Newfoundland and Labrador Offshore Regional Assessment of Exploratory Oil and Gas Drilling
Photo Credit: Spencer Selover
Since 2018, East Coast Environmental Law has been actively advocating for stronger marine environment protections in the offshore regions of Newfoundland and Labrador as part of a regional assessment of exploratory oil and gas drilling. Although the Regional Assessment process finished in February 2020, we remain engaged because the resulting report and recommendations stemming from the regional assessment have resulted in a proposed regulation that would exempt all future offshore exploratory oil and gas drilling projects from federal impact assessments.
East Coast Environmental Law is seriously concerned about the potential consequences for the offshore marine environment, and the potential for future regional assessments to facilitate more exemptions of other environmentally-destructive activities from impact assessments.
A judicial review of the Regional Assessment Committee’s Report and the subsequent Minister’s regulation was launched in May 2020 by the Ecology Action Centre, WWF-Canada and the Sierra Club Canada Foundation.
What is a Regional Assessment?
A regional assessment is an environmental impact assessment process through which the potential environmental, social, and economic effects of numerous proposed activities are assessed on a broad, regional scale. Whereas project-specific impact assessments only assess the potential effects of individual proposed projects, a regional assessment is a tool for assessing large-scale effects of a number of activities within a given region.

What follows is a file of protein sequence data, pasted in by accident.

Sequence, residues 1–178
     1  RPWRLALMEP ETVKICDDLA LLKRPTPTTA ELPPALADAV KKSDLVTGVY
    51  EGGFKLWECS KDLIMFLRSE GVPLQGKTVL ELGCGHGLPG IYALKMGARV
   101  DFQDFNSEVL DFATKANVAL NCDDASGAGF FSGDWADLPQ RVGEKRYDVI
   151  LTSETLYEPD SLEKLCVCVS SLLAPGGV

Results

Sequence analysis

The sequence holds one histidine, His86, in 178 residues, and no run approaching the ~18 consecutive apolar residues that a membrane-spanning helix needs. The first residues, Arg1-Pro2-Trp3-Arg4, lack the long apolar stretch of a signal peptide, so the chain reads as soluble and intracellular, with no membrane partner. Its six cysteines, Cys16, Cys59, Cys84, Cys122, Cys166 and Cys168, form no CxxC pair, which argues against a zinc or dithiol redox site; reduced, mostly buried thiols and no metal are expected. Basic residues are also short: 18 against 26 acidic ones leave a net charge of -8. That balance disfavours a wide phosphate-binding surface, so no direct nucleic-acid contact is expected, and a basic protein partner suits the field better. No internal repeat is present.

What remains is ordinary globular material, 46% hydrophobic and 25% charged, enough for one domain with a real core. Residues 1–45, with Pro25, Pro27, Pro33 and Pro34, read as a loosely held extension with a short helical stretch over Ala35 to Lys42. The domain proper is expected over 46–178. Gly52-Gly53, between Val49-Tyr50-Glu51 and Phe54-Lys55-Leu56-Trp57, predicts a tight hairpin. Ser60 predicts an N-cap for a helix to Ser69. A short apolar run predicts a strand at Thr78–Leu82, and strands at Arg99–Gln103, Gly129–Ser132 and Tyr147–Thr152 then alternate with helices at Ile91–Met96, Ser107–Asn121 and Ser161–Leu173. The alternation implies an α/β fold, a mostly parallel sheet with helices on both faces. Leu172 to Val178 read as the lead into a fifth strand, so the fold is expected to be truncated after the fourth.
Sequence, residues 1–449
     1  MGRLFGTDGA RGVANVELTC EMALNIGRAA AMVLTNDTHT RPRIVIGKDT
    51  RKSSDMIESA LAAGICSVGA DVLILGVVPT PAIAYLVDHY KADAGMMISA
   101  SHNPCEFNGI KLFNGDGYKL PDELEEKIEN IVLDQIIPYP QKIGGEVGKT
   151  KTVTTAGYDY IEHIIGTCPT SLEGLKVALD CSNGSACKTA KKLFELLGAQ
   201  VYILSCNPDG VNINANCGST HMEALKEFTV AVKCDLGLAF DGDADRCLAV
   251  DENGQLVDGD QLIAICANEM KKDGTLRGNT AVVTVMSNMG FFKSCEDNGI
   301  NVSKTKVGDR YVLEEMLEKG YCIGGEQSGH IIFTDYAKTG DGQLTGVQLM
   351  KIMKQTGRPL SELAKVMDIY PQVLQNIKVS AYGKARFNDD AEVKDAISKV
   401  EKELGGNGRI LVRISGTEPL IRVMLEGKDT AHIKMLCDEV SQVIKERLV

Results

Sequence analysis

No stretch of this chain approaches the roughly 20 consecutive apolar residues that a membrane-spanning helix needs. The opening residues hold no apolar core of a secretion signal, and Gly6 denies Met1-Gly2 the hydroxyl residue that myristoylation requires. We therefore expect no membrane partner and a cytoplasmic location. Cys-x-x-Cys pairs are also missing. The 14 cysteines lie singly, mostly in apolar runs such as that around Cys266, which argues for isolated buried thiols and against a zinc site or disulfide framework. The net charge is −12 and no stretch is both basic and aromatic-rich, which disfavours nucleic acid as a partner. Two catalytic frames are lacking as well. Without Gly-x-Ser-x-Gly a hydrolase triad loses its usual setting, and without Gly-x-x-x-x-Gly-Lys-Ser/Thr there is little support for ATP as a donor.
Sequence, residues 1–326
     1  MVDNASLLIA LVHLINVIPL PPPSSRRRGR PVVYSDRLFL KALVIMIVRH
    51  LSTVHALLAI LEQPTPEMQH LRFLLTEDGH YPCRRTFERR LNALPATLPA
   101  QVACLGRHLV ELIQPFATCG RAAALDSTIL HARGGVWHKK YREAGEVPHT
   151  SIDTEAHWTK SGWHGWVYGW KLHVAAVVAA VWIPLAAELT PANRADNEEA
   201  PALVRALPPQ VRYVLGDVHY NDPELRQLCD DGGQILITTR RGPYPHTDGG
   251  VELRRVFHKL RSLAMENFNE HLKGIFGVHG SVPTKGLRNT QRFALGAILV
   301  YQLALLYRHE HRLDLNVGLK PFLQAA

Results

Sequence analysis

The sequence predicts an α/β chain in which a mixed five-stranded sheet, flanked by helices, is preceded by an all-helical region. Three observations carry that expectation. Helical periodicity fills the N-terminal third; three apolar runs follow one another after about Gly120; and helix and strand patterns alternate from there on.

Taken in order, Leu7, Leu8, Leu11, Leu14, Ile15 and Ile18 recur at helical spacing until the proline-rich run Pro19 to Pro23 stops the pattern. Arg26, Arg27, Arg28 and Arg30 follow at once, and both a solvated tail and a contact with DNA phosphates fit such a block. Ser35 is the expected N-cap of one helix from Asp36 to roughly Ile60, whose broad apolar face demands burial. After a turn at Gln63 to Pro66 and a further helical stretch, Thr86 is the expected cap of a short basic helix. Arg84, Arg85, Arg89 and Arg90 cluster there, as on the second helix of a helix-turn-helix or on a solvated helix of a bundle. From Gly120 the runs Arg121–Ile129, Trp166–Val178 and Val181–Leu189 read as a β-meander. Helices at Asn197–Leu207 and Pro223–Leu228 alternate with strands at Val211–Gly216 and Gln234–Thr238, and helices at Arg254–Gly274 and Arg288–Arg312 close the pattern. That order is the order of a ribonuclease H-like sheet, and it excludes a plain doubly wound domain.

Regional assessments are created and conducted under section 92 of Canada’s Impact Assessment Act (“IAA”). Under the IAA, the Minister of Environment and Climate Change (the “Minister”) may establish a committee or authorize the Impact Assessment Agency of Canada (the “Agency”) to conduct a regional assessment of the effects of existing or future physical activities.
The Minister must establish Terms of Reference (“TOR”) to guide any regional assessment, and if the Minister creates a committee to conduct a regional assessment, the Minister must appoint the committee's members. Whether a committee or the Agency conducts a regional assessment, the body conducting the assessment must take into account any scientific information and Indigenous knowledge that is provided for the assessment. Additionally, the public must be provided with an opportunity for participation.
When a regional assessment has been completed, the body that conducted the assessment must provide a report to the Minister. The IAA is silent on how a regional assessment report should or will be used.
What was the Newfoundland and Labrador Regional Assessment?
The Newfoundland and Labrador Regional Assessment was Canada’s first regional assessment. It was conducted to assess the potental regional effects of proposed offshore oil and gas exploratory drilling projects in the study area, which totals 735,000 square kilometers off the eastern shore of Newfoundland and Labrador. In September 2018, the Canadian Environmental Assessment Agency (now the Impact Assessment Agency of Canada) released a Draft Agreement for the Regional Assessment of Exploratory Oil and Gas Activities for the Offshore of Newfoundland and Labrador. A 30-day window for public commentary followed its release.
On April 15, 2019, the Agency published a Final Agreement for the Regional Assessment. The Agreement was designed to meet the requirements of the Canadian Environmental Assessment Act, 2012 as well as those of Canada's Impact Assessment Act, which replaced CEAA 2012 in August 2019.